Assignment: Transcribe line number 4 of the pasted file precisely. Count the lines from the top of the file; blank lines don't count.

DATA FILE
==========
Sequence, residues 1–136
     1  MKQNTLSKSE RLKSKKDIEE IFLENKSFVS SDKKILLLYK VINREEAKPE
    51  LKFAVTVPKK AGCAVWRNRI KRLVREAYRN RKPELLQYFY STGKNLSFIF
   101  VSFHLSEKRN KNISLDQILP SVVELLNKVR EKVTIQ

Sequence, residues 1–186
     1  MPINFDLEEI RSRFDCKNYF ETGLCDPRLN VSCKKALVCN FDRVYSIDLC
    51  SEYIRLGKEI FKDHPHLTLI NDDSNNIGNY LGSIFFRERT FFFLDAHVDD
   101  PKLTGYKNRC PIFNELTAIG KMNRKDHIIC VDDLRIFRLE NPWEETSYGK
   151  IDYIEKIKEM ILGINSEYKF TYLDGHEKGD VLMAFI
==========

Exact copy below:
   101  VSFHLSEKRN KNISLDQILP SVVELLNKVR EKVTIQ